The Southern Aurora
Tasmania has the Southern Lights, (Aurora Australis) and is probably one of the two best populated land based places in the Southern Hemisphere for seeing and photographing this wonderful polar phenomenom. The other being the southern tip of the south island of New Zealand. This is because, it is not just about being as far south as you can be, its also due to the proximity of the south magnetic pole, and luckily for us here in Tassie, the south magnetic pole is situated closer to us than most places. Tasmania is an amazing place for night photography having beautiful dark skies, a Milky Way that is a billion points of light, and during winter that night can last for 15 hours.
Capturing the Aurora on your camera is no more difficult than any other long exposure night photography. All you need is a tripod, a camera with a decent sensor and ability to take longer exposures, and a lens with decent light gathering abilities. Generally this means a DSLR to gain consistently good image quality. Any of the recent DSLR cameras are amazing at what they do and with the brighter auroras even the kit lens can take wonderful pictures in the right hands. My set up is, a Canon 5D3, and I am usually taking my auroras with a Rokinon 24mm F/1.4 aperture lens. My base settings to start off with are F/1.4, ISO 1600, 20 seconds, and depending on the stage of the moon a white balance of 3800 with no moon, progressing through to 5500 with an almost full moon.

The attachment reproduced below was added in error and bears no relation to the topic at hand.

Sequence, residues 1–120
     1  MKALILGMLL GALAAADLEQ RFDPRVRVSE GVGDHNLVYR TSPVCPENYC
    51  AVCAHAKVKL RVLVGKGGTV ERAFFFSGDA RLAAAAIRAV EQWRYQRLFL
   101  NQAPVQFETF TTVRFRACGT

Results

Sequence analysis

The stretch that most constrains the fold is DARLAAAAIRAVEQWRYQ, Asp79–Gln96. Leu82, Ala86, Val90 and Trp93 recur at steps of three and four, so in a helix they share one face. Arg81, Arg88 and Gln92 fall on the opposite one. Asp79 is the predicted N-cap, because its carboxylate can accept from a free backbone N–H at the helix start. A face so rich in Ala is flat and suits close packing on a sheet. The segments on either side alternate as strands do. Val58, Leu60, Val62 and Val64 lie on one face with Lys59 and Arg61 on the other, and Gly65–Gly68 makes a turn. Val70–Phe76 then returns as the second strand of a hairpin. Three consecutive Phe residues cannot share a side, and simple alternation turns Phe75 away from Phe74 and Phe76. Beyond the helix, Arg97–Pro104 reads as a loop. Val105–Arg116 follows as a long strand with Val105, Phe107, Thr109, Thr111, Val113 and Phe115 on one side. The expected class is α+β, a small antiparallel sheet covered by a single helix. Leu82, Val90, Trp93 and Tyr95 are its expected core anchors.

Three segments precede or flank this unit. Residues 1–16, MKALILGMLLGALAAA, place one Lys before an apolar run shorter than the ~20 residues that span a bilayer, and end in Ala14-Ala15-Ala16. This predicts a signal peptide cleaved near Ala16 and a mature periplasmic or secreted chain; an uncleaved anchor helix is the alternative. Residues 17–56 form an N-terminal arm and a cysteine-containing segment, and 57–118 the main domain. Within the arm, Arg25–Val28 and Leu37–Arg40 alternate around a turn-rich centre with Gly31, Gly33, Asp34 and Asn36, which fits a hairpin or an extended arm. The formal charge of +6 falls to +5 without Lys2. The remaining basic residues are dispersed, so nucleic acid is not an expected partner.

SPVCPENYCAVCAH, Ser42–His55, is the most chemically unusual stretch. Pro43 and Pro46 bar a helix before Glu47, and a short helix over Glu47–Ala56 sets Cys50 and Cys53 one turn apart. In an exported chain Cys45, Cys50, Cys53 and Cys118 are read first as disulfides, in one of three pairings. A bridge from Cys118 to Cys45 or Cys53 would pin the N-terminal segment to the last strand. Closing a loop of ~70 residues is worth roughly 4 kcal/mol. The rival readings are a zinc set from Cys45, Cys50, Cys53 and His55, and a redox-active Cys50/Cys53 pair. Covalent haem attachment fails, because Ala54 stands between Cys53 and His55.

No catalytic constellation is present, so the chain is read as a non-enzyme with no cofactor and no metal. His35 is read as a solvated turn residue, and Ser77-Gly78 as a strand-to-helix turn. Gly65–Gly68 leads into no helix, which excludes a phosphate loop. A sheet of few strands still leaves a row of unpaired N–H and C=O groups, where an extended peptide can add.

Mine and many others favourites amongst the Tasmanian fungi are our little blue Mycena interrupta, commonly known as Pixies Parasols. They have a Gondawanan distribution being found in Australia, New Zealand, New Caledonia and Chile. They can be reasonably common but can be amazingly difficult to see in the rainforest they habitat, even in their glowing neon glory, and then, once you have spotted them, they are almost impossible to "unsee". This week I came across a delightful little group and photographed their change across 3 days.
I even managed to spot and capture a springtail crawling through the scene. The head of the large "parasols" are maybe about 12-15mm. The springtail is not much longer than the stalk is wide so I guess that makes the springtail about 1.5 to 2mm long. Below is a fairly ordinary image of my first springtail and also a wider view of the little Mycena forest in amongst the mosses.